How to Receive a Compliment

I find that a lot of Christians (me included) are very bad at receiving compliments. Often, we are downright fearful of them. It is almost as if a compliment is a foreign and dangerous virus. If there were masks and hand sanitizers available to protect us from the syllables of a nice word, a lot of us would use them assiduously.

Now, I understand that the human heart is full of vanity and pride and that such sin feeds readily off of any substance that can boost the ego. At the same time, I suspect that the aversion a lot of Christians feel toward loving words is not a byproduct of humility, but rather just another symptom of the stealthiness of pride. The heart was not made by God to exist like a pylon in cement – self-sufficient and self-grounded. Instead, the heart was made to be like a buoy in water, surrounded and supported by love – most importantly the love of God, but also the love and appreciation of one another.

This leads to an interesting question: How should Christians receive a compliment? What, in other words, does it look like to onboard a kind word in such a way that does not sink the heart into the darkened sea of self-importance?

Step 1: Extract and Bin the Husk of Flattery

We need to be aware that not all compliments are truthful; neither are they all spoken in a sincere spirit of love; neither are they all the right word for the right season.

The Bible is clear that we need to beware of flattery (c.f. Prov. 29:5). This is for a reason. We live in a world of foolishness, duplicity, and even malice. Equally, the heart is deceitful beyond all measure. This means that there is a legitimate cause to be guarded at times when people speak well of our character or deeds. Sometimes the words are in fact insincere or untrue. Other times, the people speaking to us don’t realise the scavenging pride that is circling the heart like a buzzard in the sky. There is a story of John Bunyan stepping down from the pulpit after a very powerful sermon. One of his parishioners said to him, “That was a fine sermon, sir.” Bunyan replied, “I know; the devil already told me so.” Why did Bunyan say this? His point was that, unaware to the man, at that very moment his heart was already in danger of being inflated with self-congratulation. He didn’t need a pat on the back; he needed a cold shower.

Now, while all of this is true, we need to be careful not to fall into a flattery-phobia. If the heart can suffer from hyper-inflation, it can also suffer from a kind of “flat balloon” syndrome. Often, we despair – not because of aggressive pride – but because of aggressive shame. We can’t find any sign of grace in our lives, anything that indicates that God is indeed fashioning us into vessels of dignity and honour. In such dark valleys, we need someone to come alongside us and tell us truthful observations about the fruits God is bearing in our lives. We need a Barnabas, not a Shimei (see 2 Sam 16).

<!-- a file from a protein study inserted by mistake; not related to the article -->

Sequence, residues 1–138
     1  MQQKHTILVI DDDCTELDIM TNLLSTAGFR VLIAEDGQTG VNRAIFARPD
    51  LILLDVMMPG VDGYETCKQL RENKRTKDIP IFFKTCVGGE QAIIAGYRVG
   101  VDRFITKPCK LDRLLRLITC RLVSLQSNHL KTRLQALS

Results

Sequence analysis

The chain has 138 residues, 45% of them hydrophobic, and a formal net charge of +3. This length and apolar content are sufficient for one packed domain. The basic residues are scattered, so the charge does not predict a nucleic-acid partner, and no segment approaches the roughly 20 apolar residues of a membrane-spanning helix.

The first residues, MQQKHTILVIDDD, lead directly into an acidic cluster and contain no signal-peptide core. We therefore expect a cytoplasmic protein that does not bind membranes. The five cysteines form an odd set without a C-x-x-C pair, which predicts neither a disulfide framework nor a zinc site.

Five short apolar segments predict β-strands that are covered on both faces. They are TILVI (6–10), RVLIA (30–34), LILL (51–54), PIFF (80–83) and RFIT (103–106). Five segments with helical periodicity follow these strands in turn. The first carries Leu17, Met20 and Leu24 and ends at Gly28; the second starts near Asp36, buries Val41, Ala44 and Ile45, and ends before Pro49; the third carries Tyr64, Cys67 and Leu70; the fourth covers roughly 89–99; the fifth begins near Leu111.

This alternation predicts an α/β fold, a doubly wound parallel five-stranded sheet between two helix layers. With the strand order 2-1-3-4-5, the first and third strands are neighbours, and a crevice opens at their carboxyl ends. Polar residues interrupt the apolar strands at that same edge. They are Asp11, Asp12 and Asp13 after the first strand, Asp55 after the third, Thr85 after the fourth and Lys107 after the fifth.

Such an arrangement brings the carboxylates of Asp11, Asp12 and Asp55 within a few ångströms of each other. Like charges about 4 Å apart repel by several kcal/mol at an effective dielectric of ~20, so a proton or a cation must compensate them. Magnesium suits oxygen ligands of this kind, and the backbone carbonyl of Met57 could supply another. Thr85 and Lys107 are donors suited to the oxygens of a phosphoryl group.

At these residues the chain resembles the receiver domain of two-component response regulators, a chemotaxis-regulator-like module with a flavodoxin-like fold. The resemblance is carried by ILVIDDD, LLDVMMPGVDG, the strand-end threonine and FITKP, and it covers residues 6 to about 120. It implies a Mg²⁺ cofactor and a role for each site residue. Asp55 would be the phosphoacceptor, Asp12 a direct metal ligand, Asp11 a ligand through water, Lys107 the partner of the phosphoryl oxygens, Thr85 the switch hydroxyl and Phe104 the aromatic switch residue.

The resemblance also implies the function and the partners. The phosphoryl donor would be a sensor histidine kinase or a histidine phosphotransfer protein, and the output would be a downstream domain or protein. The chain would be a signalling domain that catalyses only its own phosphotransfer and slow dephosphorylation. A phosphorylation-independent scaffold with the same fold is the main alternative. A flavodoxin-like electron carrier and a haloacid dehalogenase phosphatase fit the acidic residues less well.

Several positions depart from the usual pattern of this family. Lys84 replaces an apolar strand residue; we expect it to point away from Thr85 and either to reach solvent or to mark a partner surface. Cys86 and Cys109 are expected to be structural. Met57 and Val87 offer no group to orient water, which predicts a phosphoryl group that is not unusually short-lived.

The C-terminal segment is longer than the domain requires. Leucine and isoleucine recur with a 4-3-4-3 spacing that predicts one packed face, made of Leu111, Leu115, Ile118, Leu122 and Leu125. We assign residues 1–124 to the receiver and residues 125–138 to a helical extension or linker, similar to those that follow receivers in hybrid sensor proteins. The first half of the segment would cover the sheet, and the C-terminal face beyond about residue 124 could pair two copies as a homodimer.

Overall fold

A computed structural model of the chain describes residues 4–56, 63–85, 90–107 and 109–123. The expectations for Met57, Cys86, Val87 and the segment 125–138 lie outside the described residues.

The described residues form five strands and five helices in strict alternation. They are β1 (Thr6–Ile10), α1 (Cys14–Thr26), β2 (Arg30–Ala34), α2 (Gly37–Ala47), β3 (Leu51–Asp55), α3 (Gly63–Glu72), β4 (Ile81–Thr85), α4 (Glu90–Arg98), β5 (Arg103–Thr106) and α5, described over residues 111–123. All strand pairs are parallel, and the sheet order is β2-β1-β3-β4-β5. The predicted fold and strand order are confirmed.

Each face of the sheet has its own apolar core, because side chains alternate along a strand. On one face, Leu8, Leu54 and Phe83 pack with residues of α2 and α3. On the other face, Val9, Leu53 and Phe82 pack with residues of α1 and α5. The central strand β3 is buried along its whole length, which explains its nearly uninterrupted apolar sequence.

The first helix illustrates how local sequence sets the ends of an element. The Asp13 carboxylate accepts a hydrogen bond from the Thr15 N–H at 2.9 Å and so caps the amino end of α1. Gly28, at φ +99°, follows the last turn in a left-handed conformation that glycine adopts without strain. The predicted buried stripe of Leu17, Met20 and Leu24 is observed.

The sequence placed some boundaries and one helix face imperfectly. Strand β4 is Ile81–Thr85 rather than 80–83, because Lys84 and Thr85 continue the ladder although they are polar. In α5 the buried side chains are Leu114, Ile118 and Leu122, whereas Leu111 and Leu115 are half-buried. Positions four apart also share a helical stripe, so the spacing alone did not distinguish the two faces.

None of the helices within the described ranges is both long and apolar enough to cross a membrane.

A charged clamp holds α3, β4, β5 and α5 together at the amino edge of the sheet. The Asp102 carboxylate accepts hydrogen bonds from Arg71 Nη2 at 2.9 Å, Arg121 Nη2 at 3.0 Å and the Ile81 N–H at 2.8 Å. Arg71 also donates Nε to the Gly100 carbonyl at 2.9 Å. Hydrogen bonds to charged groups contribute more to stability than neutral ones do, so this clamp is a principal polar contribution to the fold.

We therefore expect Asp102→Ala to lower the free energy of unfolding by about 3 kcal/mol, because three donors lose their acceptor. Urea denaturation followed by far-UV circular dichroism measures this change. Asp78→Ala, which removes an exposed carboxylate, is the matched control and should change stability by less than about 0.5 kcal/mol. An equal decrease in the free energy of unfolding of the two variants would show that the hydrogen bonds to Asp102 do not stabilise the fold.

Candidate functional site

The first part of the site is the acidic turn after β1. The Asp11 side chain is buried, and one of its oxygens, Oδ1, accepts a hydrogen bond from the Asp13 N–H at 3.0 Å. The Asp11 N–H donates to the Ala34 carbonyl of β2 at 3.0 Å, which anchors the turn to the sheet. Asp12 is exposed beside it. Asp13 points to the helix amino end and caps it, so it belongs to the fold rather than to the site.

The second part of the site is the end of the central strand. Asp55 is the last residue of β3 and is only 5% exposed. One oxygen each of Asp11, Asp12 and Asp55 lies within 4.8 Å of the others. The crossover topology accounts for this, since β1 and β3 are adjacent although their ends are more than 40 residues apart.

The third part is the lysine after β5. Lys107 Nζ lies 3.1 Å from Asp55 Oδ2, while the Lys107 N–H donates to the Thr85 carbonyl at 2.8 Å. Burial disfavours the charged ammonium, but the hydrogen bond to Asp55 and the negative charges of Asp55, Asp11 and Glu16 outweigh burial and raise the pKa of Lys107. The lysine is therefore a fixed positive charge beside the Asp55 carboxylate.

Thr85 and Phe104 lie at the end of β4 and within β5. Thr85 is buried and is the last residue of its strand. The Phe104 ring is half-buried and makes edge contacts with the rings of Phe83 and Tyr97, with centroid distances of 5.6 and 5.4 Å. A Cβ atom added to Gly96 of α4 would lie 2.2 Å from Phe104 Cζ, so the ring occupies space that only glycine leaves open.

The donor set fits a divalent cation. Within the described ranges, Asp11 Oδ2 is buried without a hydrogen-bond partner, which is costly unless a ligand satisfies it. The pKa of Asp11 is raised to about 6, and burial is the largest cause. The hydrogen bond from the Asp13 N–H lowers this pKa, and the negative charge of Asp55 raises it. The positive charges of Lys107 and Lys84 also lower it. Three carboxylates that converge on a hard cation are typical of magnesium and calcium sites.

Step 2: Plant the Compliment in the Soil of Humility

Spurgeon makes an insightful comment on humility. He says that humility is not an underestimate of oneself, but a right estimate of oneself. The truth is that God has given all of us great gifts and talents. We need to recognise these abilities – not so that we can boast about them – but so that, like a ship loaded with cargo, we can measure accurately and soberly the weightiness of our persons. The right use of a compliment is not to think, “I’m better than other people because I can do X,” but rather, “Because God has made me with a special grace to do X, I need to use X in the service of God.”

Step 3: Burn the Compliment on the Altar of Thanksgiving

I’ve been very clear about the danger of pride. Pride truly is the capital sin and therefore must be resisted more vigorously than any other deadly passion. That said, there is no need for a compliment to be wasted as food for the ego. There is another option. Gratitude and pride cannot coexist. One cannot give credit to God for His gifts while simultaneously taking credit for oneself. Christians need to appreciate the following fact: gratitude is a kind of spiritual weed killer. The more thankful we are, the less suitable soil there will be for pride to take root in.

This means that one of the best things we can do with a compliment is put it on the altar of grace and burn it as a thanksgiving offering. If someone says, “You are so good at making time for other people,” the wrong thing to do is to bin the compliment as if it is a piece of rubbish. Such action comes very near to stealing praise from God. A better reaction is to turn the compliment into a prayer and to give God all of the credit for all of the good (c.f. Rom. 12:3-4, I Cor. 4:6-8). The end result of this will not be a heart puffed up with self-congratulation, but a heart melting with humble praise. The great refrain of Ps. 115 will then be repeated by the heart: “Not unto us, O LORD, not unto us, but to Your name give glory” (Ps. 115:1).

By Joe Barnard